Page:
Trite as it may sound, but retaining your existing talent is just as important as ‘acquiring’ new talent. Managing Partners of the top tier law firms rely on their brand reputation in order to recruit and retain talent. In a October 2016 article in Lawyers Weekly, Ashurst’s head of HR Asia-Pacific, Richard Knox said that the firm’s key point of difference that allows it to attract and retain talent, is that the “firm is well positioned as one of only a couple of truly integrated global firms that brings to the Australian market a full service offering, with a premium client list that sets us apart from much of our competition … The firm provides them the opportunity to work on clients and matters at the very top end of the market in a supportive and flexible environment. We have found our staff really engage with that proposition.” The efforts of King & Wood Mallesons are different. Newly appointed Global Managing Partner Sue Kench said that, among other initiatives, they had “Design Week – a week with speaker forums, workshops, hackathons and events all focused around designing the firm for the future”.
It is interesting to see what other professional services firms are doing to win the war on talent. In KPMG’s report “Being the Best: Inside the intelligent finance function, Talent Management – Playing for keeps” the financial services industry are facing similar issues. With regards to retaining talent, under the heading ‘Engage and Retain’, their advice is to manage performance through 360 degree feedback, and reward innovative strategy. Moreover, KPMG prides open and honest communication in order to make sure that their talent feels valued.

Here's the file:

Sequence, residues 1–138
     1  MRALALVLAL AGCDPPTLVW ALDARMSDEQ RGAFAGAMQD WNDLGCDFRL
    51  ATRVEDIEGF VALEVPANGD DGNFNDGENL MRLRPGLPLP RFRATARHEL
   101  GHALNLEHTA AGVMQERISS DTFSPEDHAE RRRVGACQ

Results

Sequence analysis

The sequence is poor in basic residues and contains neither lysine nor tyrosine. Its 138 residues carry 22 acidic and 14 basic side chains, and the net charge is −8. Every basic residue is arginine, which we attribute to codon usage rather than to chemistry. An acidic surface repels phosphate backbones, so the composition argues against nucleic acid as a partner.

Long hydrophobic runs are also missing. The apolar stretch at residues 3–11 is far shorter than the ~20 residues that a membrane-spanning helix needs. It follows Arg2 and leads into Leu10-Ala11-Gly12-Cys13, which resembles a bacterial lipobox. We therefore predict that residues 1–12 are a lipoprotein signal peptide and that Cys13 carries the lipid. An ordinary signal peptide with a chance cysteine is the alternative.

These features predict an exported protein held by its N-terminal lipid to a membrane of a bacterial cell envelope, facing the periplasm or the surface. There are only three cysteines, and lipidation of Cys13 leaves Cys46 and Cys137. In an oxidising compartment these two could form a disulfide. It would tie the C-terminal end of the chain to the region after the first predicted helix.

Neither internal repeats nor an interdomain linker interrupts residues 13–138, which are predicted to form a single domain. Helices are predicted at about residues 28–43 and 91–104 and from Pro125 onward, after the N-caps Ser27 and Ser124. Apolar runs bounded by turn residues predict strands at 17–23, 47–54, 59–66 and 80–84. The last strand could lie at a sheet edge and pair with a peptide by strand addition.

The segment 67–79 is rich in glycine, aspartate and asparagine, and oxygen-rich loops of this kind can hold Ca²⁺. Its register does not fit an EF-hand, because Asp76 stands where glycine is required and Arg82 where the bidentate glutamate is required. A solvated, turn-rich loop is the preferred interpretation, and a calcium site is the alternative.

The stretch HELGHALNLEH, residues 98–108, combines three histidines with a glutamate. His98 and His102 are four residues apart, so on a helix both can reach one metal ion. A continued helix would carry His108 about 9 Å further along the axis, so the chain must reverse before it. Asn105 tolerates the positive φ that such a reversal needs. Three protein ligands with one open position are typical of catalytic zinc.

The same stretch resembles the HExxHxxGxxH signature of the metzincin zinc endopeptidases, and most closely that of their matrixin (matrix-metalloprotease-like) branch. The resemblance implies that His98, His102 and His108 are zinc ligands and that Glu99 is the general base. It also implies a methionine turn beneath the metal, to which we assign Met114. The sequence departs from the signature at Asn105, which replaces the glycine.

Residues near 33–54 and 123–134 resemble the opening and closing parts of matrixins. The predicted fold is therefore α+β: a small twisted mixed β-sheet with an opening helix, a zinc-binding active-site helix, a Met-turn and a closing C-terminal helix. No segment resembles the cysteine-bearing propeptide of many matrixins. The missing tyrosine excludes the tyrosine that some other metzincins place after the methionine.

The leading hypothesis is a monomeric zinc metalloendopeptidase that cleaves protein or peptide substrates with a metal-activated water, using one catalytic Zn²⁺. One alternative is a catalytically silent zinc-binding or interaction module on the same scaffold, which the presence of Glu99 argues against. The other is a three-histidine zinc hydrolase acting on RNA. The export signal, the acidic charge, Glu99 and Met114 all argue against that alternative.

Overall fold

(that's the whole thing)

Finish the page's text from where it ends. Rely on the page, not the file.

It is, therefore, of vital importance that law firms put talent management at the top of their strategic agenda. Law firms need to work hard to improve their recruitment and retention strategies if that gap in skills is to ever be overcome. The question “Why would a talented lawyer want to work here?” must always be at the forefront of every Partner’s mind. If the answer is not compelling, then more thought needs to given to the improvement of the firm’s workplace culture and practices.
Extensive training strategies, internal learning and development programmes as well as more on the job training by Partners will also assist in overcoming the skills gap. In some instances, the answer to overcoming the skills shortage may be right on your doorstep – retrain the underutilised and under-challenged lawyers already in your law firm. Additionally, law firms need to think creatively and outside the box when undergoing the recruitment process. If that wish list cannot be entirely fulfilled then time and resources need to be spent to upskill candidates. On the job training by Partners and more Senior Lawyers ought to come into play more often than is presently occurring. You just never know how much a candidate will develop and grow into the role within 6 to 12 months’ time.
The war on talent will only intensify. Quality lawyers only want to work at quality law firms – law firms that are emulate agility, cultural cohesion, diversity, open communication and true collaboration. Law firms that do not emulate such qualities will eventually fold.